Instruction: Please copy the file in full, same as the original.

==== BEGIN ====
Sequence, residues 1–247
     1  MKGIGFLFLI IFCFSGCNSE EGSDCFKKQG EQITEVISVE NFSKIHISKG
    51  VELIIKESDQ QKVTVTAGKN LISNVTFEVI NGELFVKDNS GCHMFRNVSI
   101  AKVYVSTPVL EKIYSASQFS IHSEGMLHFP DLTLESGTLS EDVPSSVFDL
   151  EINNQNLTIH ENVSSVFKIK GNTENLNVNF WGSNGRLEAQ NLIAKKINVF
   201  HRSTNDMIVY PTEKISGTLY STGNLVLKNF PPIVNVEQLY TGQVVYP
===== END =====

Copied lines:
Sequence, residues 1–247
     1  MKGIGFLFLI IFCFSGCNSE EGSDCFKKQG EQITEVISVE NFSKIHISKG
    51  VELIIKESDQ QKVTVTAGKN LISNVTFEVI NGELFVKDNS GCHMFRNVSI
   101  AKVYVSTPVL EKIYSASQFS IHSEGMLHFP DLTLESGTLS EDVPSSVFDL
   151  EINNQNLTIH ENVSSVFKIK GNTENLNVNF WGSNGRLEAQ NLIAKKINVF
   201  HRSTNDMIVY PTEKISGTLY STGNLVLKNF PPIVNVEQLY TGQVVYP